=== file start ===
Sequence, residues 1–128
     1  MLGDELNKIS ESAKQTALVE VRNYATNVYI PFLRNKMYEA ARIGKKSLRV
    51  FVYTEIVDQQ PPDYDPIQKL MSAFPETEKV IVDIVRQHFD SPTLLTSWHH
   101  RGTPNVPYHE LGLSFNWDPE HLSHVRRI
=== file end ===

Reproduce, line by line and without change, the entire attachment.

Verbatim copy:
Sequence, residues 1–128
     1  MLGDELNKIS ESAKQTALVE VRNYATNVYI PFLRNKMYEA ARIGKKSLRV
    51  FVYTEIVDQQ PPDYDPIQKL MSAFPETEKV IVDIVRQHFD SPTLLTSWHH
   101  RGTPNVPYHE LGLSFNWDPE HLSHVRRI